Destiny: Rise of Iron Review

Pay the iron price


As Destiny: Rise of Iron launches the third year of Destiny content, it is incredible to fathom the path that the game has taken to reach this point. Despite lukewarm initial reception that has dogged the game since release, Destiny has persevered thanks to passionate fans and incredible core gameplay mechanics. Rise of Iron provides a continuation of the progress made in last year’s The Taken King, but does little more than add sand into the Destiny sandbox. While it remains to be seen how long the content in the expansion will satiate the rabid community, what is here is a welcome addition to the Destiny universe.

On the multiplayer side, the largest additions come in the form of Supremacy, a mode that has players collecting crests that are dropped upon death (think Kill Confirmed from Call of Duty), and private matches, which finally gave Destiny the wacky tomfoolery that Halo was famous for. Supremacy is a great game mode that forces players into close quarters engagements and changes tactics in a refreshing way. Private matches have provided an injection of fun that makes every weapon a viable, entertaining crucible option. Rise of Iron has finally rounded out the multiplayer experience in Destiny, where anyone can find an experience they can enjoy while making progress toward their overall level.

Rise of Iron’s campaign finally acts on the rich lore developer Bungie wove into Destiny’s world. Lord Saladin, long the face of the multiplayer event Iron Banner, calls on the guardians to fight a threat that he fought to seal away long ago. This threat takes the form of Siva, a techno-virus of sorts that serves to beef up the enemy Fallen faction. The campaign does a great job of fleshing out the character of Saladin while giving us the background of the Iron Lords, both of which longtime players have been clamoring for. Unfortunately, the 2.5 hour campaign feels a few missions too short, leaving the story with pacing issues and a rushed conclusion. This rushed nature undercuts the Siva threat that literally courses through the veins of every piece of new content. Despite these issues, the story missions provide some breathtaking moments to experience.

The aesthetic that Bungie built for Rise of Iron is cohesive and interesting, extending deep into the new Plaguelands patrol zone and to the highest point of Felwinter’s Peak, which contains the new social space. The Iron Temple is easily my favorite social area, as its interesting characters, arthurian feel and clever secrets make it the most thematically interesting of these areas. This extends to the Plaguelands, which feels massive when compared to the other zones in part because of the exciting new patrol missions and hidden treasures. The snowy look juxtaposed by pulsing, red Siva corruption gives it a distinct feel all its own. While not as deep as The Taken King’s Dreadnaught, it is still a step above Destiny’s initial zones and begs to be explored.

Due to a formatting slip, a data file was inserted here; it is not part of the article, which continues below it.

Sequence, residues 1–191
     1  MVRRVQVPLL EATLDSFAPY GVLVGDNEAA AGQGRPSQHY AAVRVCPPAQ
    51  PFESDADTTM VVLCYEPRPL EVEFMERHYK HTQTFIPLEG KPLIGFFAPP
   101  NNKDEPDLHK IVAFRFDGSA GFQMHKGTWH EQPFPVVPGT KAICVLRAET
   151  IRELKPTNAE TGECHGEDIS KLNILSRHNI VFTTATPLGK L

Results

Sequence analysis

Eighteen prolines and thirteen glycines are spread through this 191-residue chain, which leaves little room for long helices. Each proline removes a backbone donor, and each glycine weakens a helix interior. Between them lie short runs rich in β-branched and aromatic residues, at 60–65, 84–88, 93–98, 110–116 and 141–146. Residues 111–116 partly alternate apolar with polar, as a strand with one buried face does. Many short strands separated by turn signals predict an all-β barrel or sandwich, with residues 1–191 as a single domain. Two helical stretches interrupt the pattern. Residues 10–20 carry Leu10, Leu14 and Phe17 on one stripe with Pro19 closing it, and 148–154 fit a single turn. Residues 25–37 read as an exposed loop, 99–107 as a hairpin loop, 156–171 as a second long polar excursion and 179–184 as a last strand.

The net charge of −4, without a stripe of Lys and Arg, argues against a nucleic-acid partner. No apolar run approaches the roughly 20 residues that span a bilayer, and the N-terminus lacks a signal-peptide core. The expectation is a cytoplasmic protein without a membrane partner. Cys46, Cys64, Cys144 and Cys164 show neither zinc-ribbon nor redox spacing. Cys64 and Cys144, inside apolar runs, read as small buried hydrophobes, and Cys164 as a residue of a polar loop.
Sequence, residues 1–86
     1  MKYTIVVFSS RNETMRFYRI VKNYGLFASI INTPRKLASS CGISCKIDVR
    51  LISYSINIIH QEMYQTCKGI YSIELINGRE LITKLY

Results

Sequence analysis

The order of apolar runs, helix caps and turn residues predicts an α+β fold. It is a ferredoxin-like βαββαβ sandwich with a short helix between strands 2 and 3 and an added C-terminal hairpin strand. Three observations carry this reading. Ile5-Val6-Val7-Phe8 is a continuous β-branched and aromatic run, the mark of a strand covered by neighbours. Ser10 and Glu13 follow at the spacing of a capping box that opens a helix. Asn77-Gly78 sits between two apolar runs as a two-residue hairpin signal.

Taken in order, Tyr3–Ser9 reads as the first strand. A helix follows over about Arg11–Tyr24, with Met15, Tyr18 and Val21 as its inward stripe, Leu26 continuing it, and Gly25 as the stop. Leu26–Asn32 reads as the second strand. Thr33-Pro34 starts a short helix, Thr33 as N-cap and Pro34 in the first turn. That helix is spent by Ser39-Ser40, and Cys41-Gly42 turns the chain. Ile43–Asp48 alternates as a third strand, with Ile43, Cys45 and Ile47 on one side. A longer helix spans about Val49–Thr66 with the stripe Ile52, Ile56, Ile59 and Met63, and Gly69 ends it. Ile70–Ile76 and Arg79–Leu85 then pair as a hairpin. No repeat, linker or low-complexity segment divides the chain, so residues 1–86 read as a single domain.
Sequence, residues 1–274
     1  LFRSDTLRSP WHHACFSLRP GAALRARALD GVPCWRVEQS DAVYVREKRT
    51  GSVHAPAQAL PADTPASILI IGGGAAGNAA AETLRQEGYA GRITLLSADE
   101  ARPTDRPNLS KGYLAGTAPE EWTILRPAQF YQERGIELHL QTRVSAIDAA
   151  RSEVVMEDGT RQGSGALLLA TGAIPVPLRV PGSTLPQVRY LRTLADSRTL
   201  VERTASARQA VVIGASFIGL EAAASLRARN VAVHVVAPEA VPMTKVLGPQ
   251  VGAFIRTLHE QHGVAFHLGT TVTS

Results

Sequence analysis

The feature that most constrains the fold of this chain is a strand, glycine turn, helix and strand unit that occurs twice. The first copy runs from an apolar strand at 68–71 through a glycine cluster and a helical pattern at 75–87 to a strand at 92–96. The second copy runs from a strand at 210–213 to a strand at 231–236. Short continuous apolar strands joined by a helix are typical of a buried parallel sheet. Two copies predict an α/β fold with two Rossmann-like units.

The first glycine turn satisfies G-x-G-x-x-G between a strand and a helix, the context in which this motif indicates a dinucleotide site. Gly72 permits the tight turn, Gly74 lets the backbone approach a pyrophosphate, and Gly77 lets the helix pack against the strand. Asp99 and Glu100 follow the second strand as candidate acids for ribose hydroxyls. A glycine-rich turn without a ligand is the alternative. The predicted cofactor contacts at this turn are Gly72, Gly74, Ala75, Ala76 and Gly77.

Coinciding with the Fallen lore is the new Archon’s Forge public event arena in the Plaguelands, a thunderdome-style hybrid of vanilla Destiny’s Prison of Elders and The Taken King’s Court of Oryx that has players fighting through waves of enemies, culminating with a boss. The events are great fun, but are held back by a few puzzling design choices. The encounters are activated by finding offerings out in the wild, but players can only hold one at a time, limiting the amount of mileage they can get out of the activity. And unlike Court of Oryx, players that present an offering are not guaranteed loot from the encounter. These limitations prevent Archons Forge from living up to its full potential. A future patch may make it more accessible, but as it currently stands there are serious hindrances toward making it a rewarding enterprise.


The stingy nature of Archon’s Forge carries over to Rise of Iron’s progression system as a whole. Taking a major step backward from Destiny’s April update, it is now much harder for a player to raise their light to higher levels in an acceptable time frame. Rise of Iron handicapped gear to drop only slightly above your current level. This change greatly slows the progression process, forcing players to grind strike missions, which are the most consistent source of better items. Multiplayer has the potential for high level drops, but they do not occur with enough regularity to be relied upon for levelling. Although grinding has always been a major part of Destiny, the system does not effectively reward players for the investment that they are making.